People who have a parent with FAP run a 50-50 chance of inheriting the gene and developing the disorder, which often emerges during adolescence. To detect FAP in time to stop its progression to cancer, physicians typically begin checking for polyps when youngsters in families carrying the gene reach their teens, repeating the exams annually and watching for additional symptoms such as bony growths on the head.

Used in conjunction with standard diagnostic methods, the new genetic screen for members of FAP-prone families should reduce the need for frequent colorectal exams among those who don't inherit the gene while increasing the chance of identifying those who do, says study leader Malcolm G. Dunlop of the Medical Research Council Human Genetics Unit in Edinburgh, Scotland.

Scientists have yet to find the gene for FAP, but they have founds a number of DNA probes, or "markers," positioned on the chromosome very close to it. Dunlop and his colleagues, who describe their work in the Feb. 9 LANCET, used six previously identified markers to screen blood samples from 41 members (including children, teens and adults) of seven families with a history of FAP.

The screen revealed a high risk of FAP in four adults who had stopped having annual colon exams in their 30s or late 20s because their results had consistently come up negative. Upon subsequent examination, one showed cancerous growths and the other three showed polyps that probably would have progressed to cancer if not detected, Dunlop says. All four underwent colorectal surgery.

For 18 of the study's 41 participants, the blood test indicated a very low probability of carrying the FAP gene. "That's obviously pretty important, because that means they don't have to be [examined! so often," Dunlop says.

The researchers suggest that people from affected families who show a low risk on the genetic test and also test negative for clinical symptoms at age 15 need undergo only one additional exam at about age 30. Teenagers showing a moderate genetic risk should receive colorectal exams every two to three years, they recommend, while high-risk test results call for yearly exams.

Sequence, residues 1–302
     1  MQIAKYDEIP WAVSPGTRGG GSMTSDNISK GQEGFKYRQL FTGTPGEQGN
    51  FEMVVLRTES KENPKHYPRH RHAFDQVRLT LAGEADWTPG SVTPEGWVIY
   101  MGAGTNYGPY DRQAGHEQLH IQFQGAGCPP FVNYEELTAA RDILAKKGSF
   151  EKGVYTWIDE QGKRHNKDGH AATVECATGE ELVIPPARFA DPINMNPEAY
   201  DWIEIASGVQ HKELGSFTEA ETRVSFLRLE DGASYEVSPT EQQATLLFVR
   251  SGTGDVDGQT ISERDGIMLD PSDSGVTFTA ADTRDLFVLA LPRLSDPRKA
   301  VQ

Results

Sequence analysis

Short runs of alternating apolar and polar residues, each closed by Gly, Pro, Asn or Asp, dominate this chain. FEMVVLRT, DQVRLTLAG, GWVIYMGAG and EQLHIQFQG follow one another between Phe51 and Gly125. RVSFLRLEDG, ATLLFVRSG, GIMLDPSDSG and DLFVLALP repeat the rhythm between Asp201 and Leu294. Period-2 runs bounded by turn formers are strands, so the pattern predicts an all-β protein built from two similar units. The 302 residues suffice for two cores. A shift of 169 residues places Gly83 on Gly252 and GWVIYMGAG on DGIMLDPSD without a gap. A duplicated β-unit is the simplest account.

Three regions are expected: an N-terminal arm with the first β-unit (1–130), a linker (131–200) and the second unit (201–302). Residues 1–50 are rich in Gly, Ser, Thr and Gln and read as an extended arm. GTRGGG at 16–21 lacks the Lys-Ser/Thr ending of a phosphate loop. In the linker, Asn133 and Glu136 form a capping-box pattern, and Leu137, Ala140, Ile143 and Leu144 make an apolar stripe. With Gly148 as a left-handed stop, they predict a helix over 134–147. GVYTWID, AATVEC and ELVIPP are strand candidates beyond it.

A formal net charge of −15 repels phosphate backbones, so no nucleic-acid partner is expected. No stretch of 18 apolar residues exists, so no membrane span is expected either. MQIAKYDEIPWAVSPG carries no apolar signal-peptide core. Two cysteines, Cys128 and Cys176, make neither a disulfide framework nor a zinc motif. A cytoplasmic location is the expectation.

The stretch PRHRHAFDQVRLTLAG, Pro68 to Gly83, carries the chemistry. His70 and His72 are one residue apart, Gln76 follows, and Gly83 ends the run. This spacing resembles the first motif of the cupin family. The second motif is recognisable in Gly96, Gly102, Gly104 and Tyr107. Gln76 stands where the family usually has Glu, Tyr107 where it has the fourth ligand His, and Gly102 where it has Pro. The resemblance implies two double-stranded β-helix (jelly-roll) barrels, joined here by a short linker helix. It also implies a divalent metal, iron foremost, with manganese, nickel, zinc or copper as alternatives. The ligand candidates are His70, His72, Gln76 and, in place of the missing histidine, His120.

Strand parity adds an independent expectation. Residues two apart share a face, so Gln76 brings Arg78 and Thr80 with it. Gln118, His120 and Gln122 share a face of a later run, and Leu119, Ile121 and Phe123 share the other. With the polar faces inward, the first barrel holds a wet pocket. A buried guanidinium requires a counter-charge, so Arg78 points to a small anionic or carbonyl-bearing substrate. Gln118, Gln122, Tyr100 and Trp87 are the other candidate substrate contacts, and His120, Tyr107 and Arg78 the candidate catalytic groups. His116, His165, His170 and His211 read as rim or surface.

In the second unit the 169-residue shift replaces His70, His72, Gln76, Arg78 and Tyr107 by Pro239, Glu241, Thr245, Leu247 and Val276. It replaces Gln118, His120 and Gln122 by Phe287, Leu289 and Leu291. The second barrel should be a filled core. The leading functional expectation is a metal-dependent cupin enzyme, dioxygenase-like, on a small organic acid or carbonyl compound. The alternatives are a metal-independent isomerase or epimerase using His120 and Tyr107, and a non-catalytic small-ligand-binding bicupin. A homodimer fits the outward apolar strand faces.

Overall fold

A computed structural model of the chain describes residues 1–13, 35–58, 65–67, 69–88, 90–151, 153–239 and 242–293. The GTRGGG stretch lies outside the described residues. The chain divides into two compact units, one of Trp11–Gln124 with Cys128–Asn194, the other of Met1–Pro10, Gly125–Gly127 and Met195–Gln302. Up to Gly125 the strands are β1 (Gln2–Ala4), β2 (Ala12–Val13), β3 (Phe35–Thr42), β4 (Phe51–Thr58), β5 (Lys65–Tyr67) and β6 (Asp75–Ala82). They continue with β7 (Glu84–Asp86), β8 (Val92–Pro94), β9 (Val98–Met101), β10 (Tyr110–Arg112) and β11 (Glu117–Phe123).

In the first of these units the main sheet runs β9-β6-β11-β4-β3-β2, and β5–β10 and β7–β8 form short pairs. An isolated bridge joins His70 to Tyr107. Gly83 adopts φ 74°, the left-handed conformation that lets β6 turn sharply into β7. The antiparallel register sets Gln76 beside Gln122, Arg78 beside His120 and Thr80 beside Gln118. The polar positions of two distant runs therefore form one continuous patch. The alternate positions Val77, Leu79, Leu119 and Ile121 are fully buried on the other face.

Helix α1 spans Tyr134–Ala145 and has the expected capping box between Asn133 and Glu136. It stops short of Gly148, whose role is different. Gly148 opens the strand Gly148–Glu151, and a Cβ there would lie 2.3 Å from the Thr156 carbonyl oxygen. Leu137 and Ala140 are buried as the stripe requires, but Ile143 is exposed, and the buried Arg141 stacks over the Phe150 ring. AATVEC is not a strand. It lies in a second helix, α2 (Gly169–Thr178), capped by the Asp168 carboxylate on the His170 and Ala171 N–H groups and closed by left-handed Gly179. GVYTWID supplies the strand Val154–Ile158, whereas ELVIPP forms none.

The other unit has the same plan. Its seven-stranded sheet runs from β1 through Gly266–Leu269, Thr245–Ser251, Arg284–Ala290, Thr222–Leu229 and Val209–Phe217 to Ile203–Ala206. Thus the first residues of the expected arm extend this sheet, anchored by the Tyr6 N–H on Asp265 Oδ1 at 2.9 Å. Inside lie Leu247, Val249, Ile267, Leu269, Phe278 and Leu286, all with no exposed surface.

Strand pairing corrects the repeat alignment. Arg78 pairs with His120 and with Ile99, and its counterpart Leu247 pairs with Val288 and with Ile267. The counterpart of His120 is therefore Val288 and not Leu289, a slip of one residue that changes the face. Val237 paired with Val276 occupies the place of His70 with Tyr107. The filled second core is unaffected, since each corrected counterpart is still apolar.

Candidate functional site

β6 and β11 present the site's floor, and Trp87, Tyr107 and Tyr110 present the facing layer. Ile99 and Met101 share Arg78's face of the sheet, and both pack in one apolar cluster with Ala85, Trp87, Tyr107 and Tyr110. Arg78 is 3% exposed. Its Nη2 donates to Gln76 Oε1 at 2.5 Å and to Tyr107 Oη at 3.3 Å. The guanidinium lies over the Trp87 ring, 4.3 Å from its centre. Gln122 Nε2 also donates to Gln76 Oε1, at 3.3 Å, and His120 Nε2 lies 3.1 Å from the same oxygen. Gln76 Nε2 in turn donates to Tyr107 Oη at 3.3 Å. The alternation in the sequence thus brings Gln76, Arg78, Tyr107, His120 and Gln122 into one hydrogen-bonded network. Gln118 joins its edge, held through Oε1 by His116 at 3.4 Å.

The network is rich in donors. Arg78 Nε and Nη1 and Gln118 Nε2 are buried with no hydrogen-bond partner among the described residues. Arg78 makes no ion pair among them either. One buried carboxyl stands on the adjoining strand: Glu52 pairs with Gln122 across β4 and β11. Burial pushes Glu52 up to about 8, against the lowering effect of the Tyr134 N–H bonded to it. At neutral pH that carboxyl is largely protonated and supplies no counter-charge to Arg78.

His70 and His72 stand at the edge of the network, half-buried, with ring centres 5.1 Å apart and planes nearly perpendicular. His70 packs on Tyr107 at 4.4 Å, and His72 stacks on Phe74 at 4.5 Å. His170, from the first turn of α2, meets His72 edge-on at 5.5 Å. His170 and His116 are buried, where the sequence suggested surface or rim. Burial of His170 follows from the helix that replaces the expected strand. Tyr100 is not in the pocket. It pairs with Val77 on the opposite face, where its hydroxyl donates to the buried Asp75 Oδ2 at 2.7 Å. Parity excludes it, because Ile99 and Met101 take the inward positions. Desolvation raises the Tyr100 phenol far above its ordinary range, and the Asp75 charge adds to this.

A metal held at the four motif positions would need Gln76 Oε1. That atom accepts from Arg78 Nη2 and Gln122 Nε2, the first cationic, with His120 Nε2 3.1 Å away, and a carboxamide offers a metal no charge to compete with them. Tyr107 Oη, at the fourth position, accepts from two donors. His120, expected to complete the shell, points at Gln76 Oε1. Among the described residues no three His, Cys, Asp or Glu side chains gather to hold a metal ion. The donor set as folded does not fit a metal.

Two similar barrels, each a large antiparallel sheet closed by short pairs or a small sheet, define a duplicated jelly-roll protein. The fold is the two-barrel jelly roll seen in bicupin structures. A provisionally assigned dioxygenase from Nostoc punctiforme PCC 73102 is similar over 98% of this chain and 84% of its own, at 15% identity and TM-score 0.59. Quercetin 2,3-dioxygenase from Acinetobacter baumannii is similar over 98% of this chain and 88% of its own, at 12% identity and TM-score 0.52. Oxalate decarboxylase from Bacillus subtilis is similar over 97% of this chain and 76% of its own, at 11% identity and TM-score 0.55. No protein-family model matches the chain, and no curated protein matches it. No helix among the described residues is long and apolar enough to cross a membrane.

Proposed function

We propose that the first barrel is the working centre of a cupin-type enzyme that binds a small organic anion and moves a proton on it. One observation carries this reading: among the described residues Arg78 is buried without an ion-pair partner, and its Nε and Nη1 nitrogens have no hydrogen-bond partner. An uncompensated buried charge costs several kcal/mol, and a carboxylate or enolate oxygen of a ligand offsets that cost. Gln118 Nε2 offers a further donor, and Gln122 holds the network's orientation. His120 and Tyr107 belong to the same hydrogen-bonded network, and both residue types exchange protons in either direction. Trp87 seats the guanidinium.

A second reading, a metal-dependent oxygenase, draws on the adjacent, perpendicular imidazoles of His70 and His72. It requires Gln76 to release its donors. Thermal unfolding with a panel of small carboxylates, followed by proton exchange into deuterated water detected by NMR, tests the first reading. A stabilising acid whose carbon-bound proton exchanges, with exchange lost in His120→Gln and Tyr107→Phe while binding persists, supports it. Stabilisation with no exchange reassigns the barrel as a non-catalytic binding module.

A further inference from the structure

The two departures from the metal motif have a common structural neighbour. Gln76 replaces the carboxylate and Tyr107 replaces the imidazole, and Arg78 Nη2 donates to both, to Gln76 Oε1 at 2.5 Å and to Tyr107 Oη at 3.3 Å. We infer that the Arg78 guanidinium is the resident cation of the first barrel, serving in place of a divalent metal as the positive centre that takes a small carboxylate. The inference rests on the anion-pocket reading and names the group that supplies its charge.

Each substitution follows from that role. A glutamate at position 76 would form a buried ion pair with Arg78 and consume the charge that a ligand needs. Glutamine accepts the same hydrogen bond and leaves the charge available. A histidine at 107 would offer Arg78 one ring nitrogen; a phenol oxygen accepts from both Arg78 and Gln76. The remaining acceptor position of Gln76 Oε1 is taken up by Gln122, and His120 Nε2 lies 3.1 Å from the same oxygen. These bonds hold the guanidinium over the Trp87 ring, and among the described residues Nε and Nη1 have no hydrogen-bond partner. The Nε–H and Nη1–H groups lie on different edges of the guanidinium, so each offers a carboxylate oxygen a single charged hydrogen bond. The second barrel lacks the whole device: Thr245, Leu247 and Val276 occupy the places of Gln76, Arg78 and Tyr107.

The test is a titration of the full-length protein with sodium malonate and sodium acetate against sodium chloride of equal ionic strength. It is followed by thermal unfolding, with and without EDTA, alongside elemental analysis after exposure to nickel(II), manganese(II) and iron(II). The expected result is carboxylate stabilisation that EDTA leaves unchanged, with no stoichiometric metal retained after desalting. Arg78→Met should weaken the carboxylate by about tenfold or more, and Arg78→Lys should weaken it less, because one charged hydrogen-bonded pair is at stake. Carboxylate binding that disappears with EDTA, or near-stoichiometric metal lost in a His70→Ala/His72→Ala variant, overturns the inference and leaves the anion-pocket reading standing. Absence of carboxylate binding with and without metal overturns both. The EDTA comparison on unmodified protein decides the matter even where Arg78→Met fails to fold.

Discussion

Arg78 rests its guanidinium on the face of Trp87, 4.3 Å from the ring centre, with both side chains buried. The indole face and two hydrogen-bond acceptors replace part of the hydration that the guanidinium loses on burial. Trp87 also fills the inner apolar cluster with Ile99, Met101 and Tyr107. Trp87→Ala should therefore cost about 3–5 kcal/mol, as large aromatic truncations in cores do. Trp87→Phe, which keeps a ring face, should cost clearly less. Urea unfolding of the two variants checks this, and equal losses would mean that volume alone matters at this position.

Dunlop cautions, however, that the six markers yielded inconclusive results for nearly a third of the study group. Until researchers improve the technique's accuracy by finding markers for additional DNA sequences linked to the FAP gene, physicians using the test must combine it with clinical exams, he says.

Scientists could develop a better screen for FAP by identifying the DNA sequence of the culprit gene. But even then, the linked markers used in Dunlop's study would "undoubtedly prove useful," says Bert Vogelstein of the Johns Hopkins School of Medicine in Baltimore, who directs a search for the gene. Because the FAP gene's apparently large size allows for many defect sites, researchers could never be sure that their DNA probes uncovered every possible glitch along its length -- but by incorporating markers near the gene, they could boost the odds of detection, Dunlop says.

Although FAP is uncommon -- underlying fewer than 1 percent of all colon cancers -- colorectal cancer itself ranks as the second leading cancer in the United States. Understanding the genetics of FAP may help clarify the causes of colon cancer in people who have not inherited the defect, Dunlop suggests. "The exciting thing," he says, "is that this gene might be involved in ordinary [colorectal! cancer," perhaps by mutating at some later point in life.

COPYRIGHT 1991 Science Service, Inc.
COPYRIGHT 2004 Gale Group